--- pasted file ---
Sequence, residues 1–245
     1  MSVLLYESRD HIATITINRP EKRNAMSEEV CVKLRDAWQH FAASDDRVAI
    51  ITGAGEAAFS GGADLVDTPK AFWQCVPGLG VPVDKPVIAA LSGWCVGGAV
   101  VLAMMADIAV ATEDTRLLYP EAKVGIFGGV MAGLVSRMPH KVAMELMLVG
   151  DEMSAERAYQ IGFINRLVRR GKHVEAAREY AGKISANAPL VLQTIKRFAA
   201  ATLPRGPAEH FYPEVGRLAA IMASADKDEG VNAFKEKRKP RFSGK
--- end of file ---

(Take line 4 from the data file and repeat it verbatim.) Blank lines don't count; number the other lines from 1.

   101  VLAMMADIAV ATEDTRLLYP EAKVGIFGGV MAGLVSRMPH KVAMELMLVG